SXSW Keynote Address: Bruce Springsteen
AUSTIN – Thursday’s keynote address at the South by Southwest (SXSW) music conference was not conducted by Bruce Springsteen the rock star, it was delivered instead by Professor Bruce Springsteen the music historian.
Springsteen, perhaps the most important rocker of his generation, showed up a half hour late while close to 2,000 conference goers lined up hours early. “Why are we here so f**king early,” laughed Springsteen, when he finally appeared. “How important can this speech be if it’s at noon, when most musicians are still asleep?”
Despite his mock complaints, Springsteen was energetic and engaging. He said the “amazing and a bit overwhelming” atmosphere this week on the streets of Austin had him a bit in awe. “In 1964, when I picked up my guitar there probably wasn’t 10,000 bands in the country because there weren’t 10,000 guitars (in existence),” he said. “But now you have at least 10,000 acts in one place.” He mentioned his great history with Austin over the years, and name-checked the Armadillo World HQ where he first played in 1974.
“I’m going to tell you a little bit about how I got to where I am, and what influenced me,” Springsteen continued. “Bill Haley concealed his age because he was older, not a teenager, when he sang ‘Rock and Roll Is Here To Stay’ he didn’t realize he was going to be terrifyingly f**king right.”
Springsteen was first influenced by rock and roll when he saw Elvis on TV. “People might have influences today like Public Enemy, Madonna or Pearl Jam, but it was 1956 when I saw Elvis. That was the genesis of power and creativity in rock and roll. Never again will everybody be brought together by one single person. Elvis showed too that there is no right way to create – you just have to go out and do it.
“Elvis brought a new way of experiencing and hearing music,” he continued. “After that show my parents took me to the Five and Dime in Freehold, N.J., and bought a guitar, but my six-year-old hands would not fit around the neck. All I did was stand in front of the mirror and beat on that thing, and beat on that thing, in front of the mirror… and I still do that!” When this drew a big laugh, Springsteen asked in mock shock, “Don’t you guys do that? You gotta check out your moves!”
Doo-wop, Springsteen said, was “like the stockings on the back seat upholstery, bras were snapping across the USA.” .Then, he said, it was the “blue ball limp” back from the dance. At this point he asked for a guitar, and when one finally materialized he played the notes.
In a G and C doo-wop voice, he said “out of that came ‘Backstreets.’ When you listen to Roy Orbison, when you met that girl and you told somebody you loved them at that moment, you were starting to go down and that’s what Roy Orbison’s music was,” Springsteen continued.
Phil Spector was “three-minute orgasms by oblivion, chaos in sound and it all came together.” About the British Invasion Springsteen said “that shifted the lay of the land, no more it was going to be a singer, a songwriter and a producer … you had these guys doing it all. At the Five and Dime there was the album, Meet The Beatles, and I realized I’d never get there. But when I saw a picture of the Beatles in Hamburg, wearing pompadours and leather jackets, I realized these are just kids. They were cooler than me, but when I saw that picture I felt like I could get to where they are.”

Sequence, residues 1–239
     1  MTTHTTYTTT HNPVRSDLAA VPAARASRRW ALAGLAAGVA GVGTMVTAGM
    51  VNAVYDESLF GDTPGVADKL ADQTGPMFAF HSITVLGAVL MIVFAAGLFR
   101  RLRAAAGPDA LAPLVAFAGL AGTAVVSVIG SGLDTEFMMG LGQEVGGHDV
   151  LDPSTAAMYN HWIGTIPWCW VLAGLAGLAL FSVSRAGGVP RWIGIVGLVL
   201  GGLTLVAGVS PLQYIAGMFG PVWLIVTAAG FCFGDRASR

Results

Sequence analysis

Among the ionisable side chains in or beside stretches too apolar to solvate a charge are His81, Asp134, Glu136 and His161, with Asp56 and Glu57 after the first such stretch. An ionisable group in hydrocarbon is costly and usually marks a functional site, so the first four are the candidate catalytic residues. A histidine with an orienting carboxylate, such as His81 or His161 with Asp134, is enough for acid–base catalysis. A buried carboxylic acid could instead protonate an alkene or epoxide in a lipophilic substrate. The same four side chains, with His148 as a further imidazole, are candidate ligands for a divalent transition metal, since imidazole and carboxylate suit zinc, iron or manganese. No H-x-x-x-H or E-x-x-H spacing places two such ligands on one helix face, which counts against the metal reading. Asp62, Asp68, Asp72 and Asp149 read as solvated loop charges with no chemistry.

Springsteen also name-checked the Animals, also from the British Invasion. “It was the first time I heard about class consciousness in rock and roll. Their music mirrored my home life; I loved the cruelty in the music.” Springsteen also said the Animals were the ugliest band in rock and roll. “Eric Burdon had this man face on an 18-year-old body. I couldn’t believe that voice was coming out of a kid! He couldn’t dance either!”
But Springsteen sang a pitch perfect few bars of “We Gotta Get Out Of This Place,” and cited the central lick driving “Don’t Let Me Be Misunderstood.” “That became ‘Badlands,’ ” he revealed. “The art of successful theft!”
He listened to a lot of punk records, and bought the Sex Pistols’ album. “Frightening,” was the only word he used to describe it. He spoke more lovingly of soul music, citing the line from “Soul Man”: “I learned how to love before I could eat.” Springsteen said Motown was great, he loved the social consciousness of Curtis Mayfield and said about James Brown, “He’s still underrated … what I learned from James Brown was how to bring it home live. Because if you do, the audience will always remember you.”
And there was Bob Dylan. “Dylan gave us the words,” Springsteen said. “When Dylan said ‘how does it feel, to be on your own?’ if you were a kid in 1965 you were on your own. Parents just didn’t understand what was going on. Dylan is the father of my musical country.”
As he got into his late 20s, Springsteen said he wanted to write music he could play when he was 40. He listened to Hank Williams over and over again, and he understood that country music was about “Saturday night hell raising and Sunday morning coming down with guilt.”
Springsteen reminded the audience that this year is Woody Guthrie’s 100th birthday year and said his focus changed when he read the Guthrie autobiography. “Guthrie never sold a million copies, never had a platinum album and was never on the cover of Rolling Stone but he was the big ghost in the machine.”
He ended the nearly hour-long talk by speaking directly to musicians. “Stay hard, stay hungry, stay alive,” Springsteen said, “and treat it like it’s all you have.”